Dave Smith is an engineer and musician and founder of the synthesizer company Sequential. Smith was responsible for the first commercial polyphonic and microprocessor-controlled synthesizer, the Prophet-5, and later the multitimbral synthesizer. He is also referred to as the "Father of MIDI" for his role in the development of MIDI, now a standard interface protocol for electronic instruments and recording/pro audio equipment.
TASCAM is the professional audio division of TEAC Corporation, headquartered in Montebello, California. Tascam is credited as the inventor of the Portastudio, the first cassette-based multi-track home studio recorders. Tascam also introduced the first low-cost mass-produced multitrack recorders with Simul-Sync designed for recording musicians. Tascam also manufactured reel-to-reel tape machines and audio mixers for home recordists from the early 1970s through the mid-1990s.
Daniel N. Flickinger was an audio engineer in the late 1960s and 1970s, who designed and manufactured some of the era's most important music recording consoles. He designed recording consoles for Sly Stone, Curtis Mayfield, The Association, Ike Turner's Bolic Sounds, Johnny Cash, and Funkadelic, Muscle Shoals Sound Studio, Motown Records, Cinderella Records, and United Sound Systems among many others.
Automated Processes Inc. is a manufacturer of high-end recording studio equipment, including stand-alone preamplifier designs, equalization units and mixing consoles. They are perhaps most noted for their modular approach to equipment manufacture with their trademark lunchbox design which allows preamplifier, compressor and equalizer modules to be added to a recording studio design as budget allows. These modules include the 512c preamp, the 525 compressor, the 527 compressor, the 550a and 550b semi-parametric equalizers, and the 560 graphic equalizer.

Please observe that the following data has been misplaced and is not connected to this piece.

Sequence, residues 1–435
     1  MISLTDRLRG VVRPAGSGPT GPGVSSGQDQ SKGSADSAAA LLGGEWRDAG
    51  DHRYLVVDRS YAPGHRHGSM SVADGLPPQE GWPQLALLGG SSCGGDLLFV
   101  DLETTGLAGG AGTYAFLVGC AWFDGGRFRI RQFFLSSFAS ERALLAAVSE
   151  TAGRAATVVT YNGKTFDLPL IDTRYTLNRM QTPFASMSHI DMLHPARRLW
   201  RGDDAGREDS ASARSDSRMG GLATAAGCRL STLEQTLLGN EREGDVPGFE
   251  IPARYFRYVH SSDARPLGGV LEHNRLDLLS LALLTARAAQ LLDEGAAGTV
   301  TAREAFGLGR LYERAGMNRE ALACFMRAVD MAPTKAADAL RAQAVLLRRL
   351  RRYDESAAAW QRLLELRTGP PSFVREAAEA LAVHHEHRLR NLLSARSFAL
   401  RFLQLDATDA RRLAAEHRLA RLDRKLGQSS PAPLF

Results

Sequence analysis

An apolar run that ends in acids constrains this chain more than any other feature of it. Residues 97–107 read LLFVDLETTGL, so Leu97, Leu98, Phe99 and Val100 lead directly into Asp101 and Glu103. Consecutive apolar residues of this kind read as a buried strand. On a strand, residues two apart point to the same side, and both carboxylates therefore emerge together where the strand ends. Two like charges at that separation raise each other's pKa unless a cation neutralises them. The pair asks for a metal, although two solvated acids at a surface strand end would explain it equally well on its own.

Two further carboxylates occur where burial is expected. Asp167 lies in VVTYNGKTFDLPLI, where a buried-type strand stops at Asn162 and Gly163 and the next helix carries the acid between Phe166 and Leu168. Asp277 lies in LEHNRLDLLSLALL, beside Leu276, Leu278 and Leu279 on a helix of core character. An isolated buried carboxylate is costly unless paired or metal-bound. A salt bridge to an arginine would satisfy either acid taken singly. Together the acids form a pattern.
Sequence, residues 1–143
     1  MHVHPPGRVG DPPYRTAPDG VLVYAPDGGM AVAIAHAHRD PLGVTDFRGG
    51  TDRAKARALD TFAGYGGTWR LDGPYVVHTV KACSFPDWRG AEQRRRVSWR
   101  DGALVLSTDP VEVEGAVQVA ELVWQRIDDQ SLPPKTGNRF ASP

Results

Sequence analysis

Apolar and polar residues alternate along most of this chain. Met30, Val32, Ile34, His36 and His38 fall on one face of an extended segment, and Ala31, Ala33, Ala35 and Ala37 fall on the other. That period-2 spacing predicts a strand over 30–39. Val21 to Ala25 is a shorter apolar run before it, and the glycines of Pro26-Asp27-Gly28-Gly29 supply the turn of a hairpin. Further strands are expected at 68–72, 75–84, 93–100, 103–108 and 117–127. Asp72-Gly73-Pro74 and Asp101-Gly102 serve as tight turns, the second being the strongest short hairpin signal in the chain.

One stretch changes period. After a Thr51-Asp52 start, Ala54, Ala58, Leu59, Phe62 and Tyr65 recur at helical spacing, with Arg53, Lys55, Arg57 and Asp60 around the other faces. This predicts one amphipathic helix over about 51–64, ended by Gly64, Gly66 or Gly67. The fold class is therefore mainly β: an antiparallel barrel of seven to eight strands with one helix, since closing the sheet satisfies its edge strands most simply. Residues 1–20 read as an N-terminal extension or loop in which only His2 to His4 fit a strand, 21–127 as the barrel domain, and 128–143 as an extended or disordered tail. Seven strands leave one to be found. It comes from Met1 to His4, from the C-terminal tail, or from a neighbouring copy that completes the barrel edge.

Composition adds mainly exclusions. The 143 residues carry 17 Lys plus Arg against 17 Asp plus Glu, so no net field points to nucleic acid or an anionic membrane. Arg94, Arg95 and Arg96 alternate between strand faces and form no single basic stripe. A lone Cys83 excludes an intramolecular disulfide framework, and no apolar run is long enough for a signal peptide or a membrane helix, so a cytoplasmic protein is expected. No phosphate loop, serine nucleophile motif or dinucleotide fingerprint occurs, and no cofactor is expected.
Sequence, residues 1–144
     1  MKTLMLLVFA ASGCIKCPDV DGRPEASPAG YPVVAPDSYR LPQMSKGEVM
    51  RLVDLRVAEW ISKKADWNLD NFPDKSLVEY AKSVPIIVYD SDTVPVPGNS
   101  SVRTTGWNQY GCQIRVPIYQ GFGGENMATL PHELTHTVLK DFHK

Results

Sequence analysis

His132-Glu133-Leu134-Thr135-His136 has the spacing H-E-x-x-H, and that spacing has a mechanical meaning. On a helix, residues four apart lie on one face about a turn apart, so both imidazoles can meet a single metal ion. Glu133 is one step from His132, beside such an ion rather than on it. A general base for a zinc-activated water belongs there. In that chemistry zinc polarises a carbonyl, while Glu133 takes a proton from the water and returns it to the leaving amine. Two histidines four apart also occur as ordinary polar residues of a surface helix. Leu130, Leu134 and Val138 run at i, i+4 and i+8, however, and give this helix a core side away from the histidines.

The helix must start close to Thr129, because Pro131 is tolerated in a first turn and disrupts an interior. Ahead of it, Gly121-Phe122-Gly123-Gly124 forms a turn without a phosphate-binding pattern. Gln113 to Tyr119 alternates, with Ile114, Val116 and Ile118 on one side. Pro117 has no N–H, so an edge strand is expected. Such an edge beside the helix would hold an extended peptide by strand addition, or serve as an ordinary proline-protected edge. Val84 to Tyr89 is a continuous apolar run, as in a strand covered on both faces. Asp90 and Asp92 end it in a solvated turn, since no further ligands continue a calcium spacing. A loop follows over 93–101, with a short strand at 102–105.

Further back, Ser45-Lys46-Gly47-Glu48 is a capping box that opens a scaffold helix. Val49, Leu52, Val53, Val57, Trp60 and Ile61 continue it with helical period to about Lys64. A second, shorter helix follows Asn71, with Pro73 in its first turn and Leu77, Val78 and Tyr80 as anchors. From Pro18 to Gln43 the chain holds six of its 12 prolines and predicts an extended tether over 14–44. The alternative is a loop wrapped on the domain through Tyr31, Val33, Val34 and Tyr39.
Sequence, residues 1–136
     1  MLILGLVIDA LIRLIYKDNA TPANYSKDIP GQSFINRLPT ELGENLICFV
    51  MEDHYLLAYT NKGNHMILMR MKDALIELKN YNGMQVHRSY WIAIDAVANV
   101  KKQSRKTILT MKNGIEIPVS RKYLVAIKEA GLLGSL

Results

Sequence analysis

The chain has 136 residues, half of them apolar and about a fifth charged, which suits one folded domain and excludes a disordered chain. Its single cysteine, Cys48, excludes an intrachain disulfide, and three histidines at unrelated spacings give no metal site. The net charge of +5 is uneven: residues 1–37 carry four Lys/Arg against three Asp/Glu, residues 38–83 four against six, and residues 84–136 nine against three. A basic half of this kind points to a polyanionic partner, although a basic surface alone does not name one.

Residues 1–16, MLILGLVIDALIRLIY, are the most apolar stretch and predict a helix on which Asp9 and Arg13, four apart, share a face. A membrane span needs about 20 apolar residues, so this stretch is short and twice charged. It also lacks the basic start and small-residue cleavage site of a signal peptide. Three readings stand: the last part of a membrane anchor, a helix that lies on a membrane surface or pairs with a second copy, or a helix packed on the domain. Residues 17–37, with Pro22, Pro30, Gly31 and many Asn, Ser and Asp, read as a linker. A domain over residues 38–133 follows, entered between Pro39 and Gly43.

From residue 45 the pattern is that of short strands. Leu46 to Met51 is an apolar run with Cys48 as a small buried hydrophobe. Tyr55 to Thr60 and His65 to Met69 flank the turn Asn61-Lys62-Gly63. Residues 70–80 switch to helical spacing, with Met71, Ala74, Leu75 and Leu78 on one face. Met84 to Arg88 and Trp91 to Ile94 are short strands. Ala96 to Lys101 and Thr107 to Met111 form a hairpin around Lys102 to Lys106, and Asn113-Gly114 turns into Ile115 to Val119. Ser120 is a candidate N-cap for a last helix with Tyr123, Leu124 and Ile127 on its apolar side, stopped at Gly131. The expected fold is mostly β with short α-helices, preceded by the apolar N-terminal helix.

Harrison Audio Consoles is an international company based in Nashville, Tennessee that manufactures mixing consoles and other audio technologies for the post-production, video production, broadcast, sound reinforcement and music recording industries. The company is renowned as an industry innovation for its "inline" mixing console design that has subsequently become the standard for nearly every large format music console. Over 1,500 Harrison consoles have been installed worldwide, presenting a significant percentage of the overall world market share for high-end audio consoles. The company founder, Dave Harrison, was inducted as a Fellow in the Audio Engineering Society for this technical contribution of the recording industry and in particular the first 32-bus "in-line" console.
Rupert Neve, born 31 July 1926 in Newton Abbot, England, is a British electronics engineer and entrepreneur, who is particularly known as a pioneering designer of professional audio recording equipment.
Universal Audio was a designer and manufacturer of recording, mixing and audio signal processing hardware for the professional recording studio, live sound and broadcasting fields. Universal Audio was responsible for many innovations in the recording and sound reinforcement industry including the modern mixing console layout, per channel equalization and effects connectors. The firm began in Chicago, founded by Bill Putnam Sr. in the 1950s, as a design and manufacturing addition to 'Universal Recording', his recording studio business. When Putnam moved to Hollywood in 1957, the manufacturing company was renamed UREI, and included a division called Teletronix.